Collagen is the most abundant protein in the human body, found in bones, muscles, tendons and of course, skin. According to MedicalNewsToday, this hard, insoluble and fibrous protein makes up one-third of the protein in the human body. It provides strength and structure—essentially, holding us together.1 In fact, according to one source, collagen is derived from the Greek work kólla, which means glue.2
With age, especially after menopause, and exposure to environmental stressors such as smoking and/or UV exposure, collagen production slows. This causes not only wrinkles but also the weakening of muscles, tightening of joints and even gut issues.
To replenish this lost component of youth, many consumers turn to nutrients and topicals to either help produce collagen in the body, such as vitamin C, proline, glycine, copper and a multitude of cosmetic actives, or to supplement collagen using collagen itself. A recent report by Healthline2 notes how, in recent years, two types of collagen, hydrolyzed and gelatin, have gained popularity as both nutritional supplements and as ingredients in shampoos and body lotions.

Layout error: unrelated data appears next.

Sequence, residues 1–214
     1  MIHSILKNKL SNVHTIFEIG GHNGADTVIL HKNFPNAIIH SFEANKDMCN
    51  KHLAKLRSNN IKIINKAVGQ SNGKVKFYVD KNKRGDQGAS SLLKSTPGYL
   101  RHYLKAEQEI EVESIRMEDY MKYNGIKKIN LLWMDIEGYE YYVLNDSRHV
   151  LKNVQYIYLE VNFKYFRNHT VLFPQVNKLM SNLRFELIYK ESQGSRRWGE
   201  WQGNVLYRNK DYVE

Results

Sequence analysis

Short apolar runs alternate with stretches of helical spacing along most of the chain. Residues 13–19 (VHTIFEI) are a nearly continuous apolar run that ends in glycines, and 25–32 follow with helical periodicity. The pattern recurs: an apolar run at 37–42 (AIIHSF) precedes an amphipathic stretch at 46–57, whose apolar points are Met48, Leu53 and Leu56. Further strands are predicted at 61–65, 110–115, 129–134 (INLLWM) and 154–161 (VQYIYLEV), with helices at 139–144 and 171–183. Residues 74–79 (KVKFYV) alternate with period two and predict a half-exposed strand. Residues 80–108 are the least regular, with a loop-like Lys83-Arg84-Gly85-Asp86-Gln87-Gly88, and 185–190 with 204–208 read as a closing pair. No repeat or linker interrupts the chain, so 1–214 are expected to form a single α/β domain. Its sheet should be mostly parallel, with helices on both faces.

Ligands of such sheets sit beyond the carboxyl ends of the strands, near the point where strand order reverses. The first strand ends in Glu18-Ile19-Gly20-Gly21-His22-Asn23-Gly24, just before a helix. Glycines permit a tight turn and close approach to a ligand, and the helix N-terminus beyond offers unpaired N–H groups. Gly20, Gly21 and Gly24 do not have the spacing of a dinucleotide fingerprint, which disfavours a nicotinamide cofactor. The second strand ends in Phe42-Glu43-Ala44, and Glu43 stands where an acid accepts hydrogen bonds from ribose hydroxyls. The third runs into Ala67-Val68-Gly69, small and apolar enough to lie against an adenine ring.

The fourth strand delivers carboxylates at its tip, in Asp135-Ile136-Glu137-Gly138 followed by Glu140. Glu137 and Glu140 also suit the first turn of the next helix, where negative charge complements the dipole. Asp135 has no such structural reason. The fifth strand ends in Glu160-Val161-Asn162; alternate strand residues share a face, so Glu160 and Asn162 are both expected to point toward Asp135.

The collagen used in skin care is commonly extracted from mammalian or fish skin, i.e., marine collagen. It has attracted interest thanks to its natural humectant and moisturizing properties.3 In addition, vegan collagen can be produced using genetically modified yeast and bacteria,4 which according to some sources, lowers the risk of allergic reaction.5
Marine collagen in particular can be derived from fish skin as well as by-catch marine organisms such as jellyfish, sharks, starfish and sponges.6 It has grown in popularity for various reasons; from religious concerns over porcine sources, and a negative association (unfounded) with Bovine Spongiform Encephalitis (BSE) or “mad cow” disease, to its sustainable sourcing as a by-product of the fishing industry.
In fact, Mordor Intelligence reports the global market for marine collagen is projected to grow at a CAGR of 7.35% from 2020 to 2025, thanks especially to demand from the nutrition sector.7 In addition, the firm notes, based on continued demand for marine collagen in skin care cosmetics, key companies are increasing investments in R&D to innovate novel marine collagen products.
Rachel Grabenhofer is the managing scientific editor of Cosmetics & Toiletries, Skin Inc.’s sister brand for cosmetic chemists. She’s a member of the Skin Microbiome Council and Society of Cosmetic Chemists, and for several years, led judging panels to honor the best ingredients in cosmetics.